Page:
The Johns Hopkins Gazette: September 18, 2000
September 18, 2000
VOL. 30, NO. 3


In Brief

Johns Hopkins Gazette Online Edition

United Way kickoff event scheduled for Thursday

The cracking notes made by the Carrolton Brass Quintet will herald the university's kickoff of the 2000 United Way Campaign for Central Maryland. The event will take place at noon on Thursday, Sept. 21, in Shriver Hall, Homewood campus.

This year's campaign chairs have set a combined Hopkins goal of $1,822,500, a record figure.

The short ceremony will include a slide presentation of Hopkins volunteerism throughout the years and brief speeches by Jerry Schnydman, executive assistant to the president; Edgar Roulhac, vice provost for academic services and campaign chair for the university; and John "Drew" Langloh, vice president of the United Way of Central Maryland. Langloh, who has worked for 13 years in the United Way system, provides overall direction of fundraising activities for the organization.

Following the addresses, all who attend are invited to flow out into the newly landscaped lower quad to enjoy complimentary hot dogs, chips and soda.

Memorial service is planned for student Jamie Wiest

Jamie Wiest, a student who died suddenly this summer, will be remembered by the Hopkins community at a memorial service to be held at 7 p.m. on Wednesday, Sept. 27, at the Bunting Meyerhoff Interfaith and Community Service Center. Wiest, 21, was a rising senior majoring in biomedical engineering.

A memorial fund has been established in Wiest's name. Contributions can be sent to the Interfaith Center, 3509 N. Charles St., Baltimore, MD 21218.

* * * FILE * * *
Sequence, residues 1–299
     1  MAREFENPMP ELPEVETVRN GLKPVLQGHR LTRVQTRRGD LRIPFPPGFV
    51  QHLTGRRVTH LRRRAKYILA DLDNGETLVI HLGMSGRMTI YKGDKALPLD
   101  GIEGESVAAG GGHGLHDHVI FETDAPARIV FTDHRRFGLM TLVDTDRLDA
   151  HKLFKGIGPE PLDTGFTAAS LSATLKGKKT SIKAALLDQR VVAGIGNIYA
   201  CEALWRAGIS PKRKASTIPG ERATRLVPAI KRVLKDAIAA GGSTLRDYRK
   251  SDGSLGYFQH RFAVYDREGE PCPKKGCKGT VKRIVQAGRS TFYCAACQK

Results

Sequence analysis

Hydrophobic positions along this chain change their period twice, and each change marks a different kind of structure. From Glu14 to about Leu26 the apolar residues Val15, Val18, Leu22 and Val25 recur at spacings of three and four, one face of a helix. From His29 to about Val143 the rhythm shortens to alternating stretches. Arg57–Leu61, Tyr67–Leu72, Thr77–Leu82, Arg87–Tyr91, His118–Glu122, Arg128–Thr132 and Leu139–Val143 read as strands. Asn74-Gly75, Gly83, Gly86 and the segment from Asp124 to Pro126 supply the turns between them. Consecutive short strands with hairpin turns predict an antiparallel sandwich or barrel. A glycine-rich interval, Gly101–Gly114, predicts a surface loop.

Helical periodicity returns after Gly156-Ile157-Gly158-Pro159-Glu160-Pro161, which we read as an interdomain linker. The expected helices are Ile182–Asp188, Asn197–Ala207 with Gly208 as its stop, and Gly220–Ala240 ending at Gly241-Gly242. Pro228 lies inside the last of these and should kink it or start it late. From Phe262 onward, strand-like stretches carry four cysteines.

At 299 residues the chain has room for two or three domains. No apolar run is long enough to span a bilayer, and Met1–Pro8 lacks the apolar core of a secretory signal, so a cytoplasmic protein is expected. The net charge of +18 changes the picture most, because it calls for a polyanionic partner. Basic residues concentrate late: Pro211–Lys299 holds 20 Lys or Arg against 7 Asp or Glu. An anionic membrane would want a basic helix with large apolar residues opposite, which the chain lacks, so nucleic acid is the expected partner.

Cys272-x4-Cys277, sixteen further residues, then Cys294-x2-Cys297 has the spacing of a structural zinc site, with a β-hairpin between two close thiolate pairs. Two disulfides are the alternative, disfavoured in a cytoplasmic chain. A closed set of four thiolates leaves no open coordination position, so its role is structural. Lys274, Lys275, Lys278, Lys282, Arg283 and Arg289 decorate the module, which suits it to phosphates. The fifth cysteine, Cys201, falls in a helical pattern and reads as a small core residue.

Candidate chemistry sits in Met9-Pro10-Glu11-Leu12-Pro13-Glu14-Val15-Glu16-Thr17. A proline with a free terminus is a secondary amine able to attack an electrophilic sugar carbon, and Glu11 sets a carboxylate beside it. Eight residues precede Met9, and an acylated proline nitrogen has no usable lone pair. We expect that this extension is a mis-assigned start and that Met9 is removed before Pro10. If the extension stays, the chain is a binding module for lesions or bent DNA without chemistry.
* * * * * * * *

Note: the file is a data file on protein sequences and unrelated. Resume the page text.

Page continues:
Outpatient Center offers free prostate cancer screening

For the second consecutive year, Hopkins' Brady Urological Institute will mark Prostate Cancer Awareness Week by offering free screenings for men ages 50 to 75. Because of higher risk in their communities, African American or Hispanic men, or those with a family history of prostate cancer, can be screened from age 35.

Prostate cancer is the second leading cause of death in men, and this year 180,000 men in the United States will learn they have the disease; 31,000 will die from it. Early detection has steadily lowered that death rate, but experts say it is still unnecessarily high.

Screening will be offered on Sept. 18 and 19 from 5 to 7 p.m. at the Outpatient Center's fourth-floor urology clinic. The screening includes a brief history, rectal exam and PSA test. To make an appointment, call Irene Trueheart at 410-955-3293.

ABC changes schedule for last episodes of 'Hopkins 24/7'

ABC officials have apparently been so impressed with Hopkins: 24/7's positive reception that it has altered its air dates to even further boost audience ratings.

The last two episodes, originally scheduled to be aired on consecutive Wednesday evenings, Sept. 20 and 27, will now air Thursdays, Sept. 21 and 28, immediately following Who Wants to Be a Millionaire. The one episode of 24/7 that ran after Millionaire in the first week got the largest number of viewers of any of the first three episodes.

Sloan Digital Sky Survey meeting held at Hopkins

Researchers participating in the Sloan Digital Sky Survey, a collaboration dedicated to assembling a comprehensive atlas of a quarter of the night sky, held a science collaboration meeting at Johns Hopkins Sept. 15 to 17.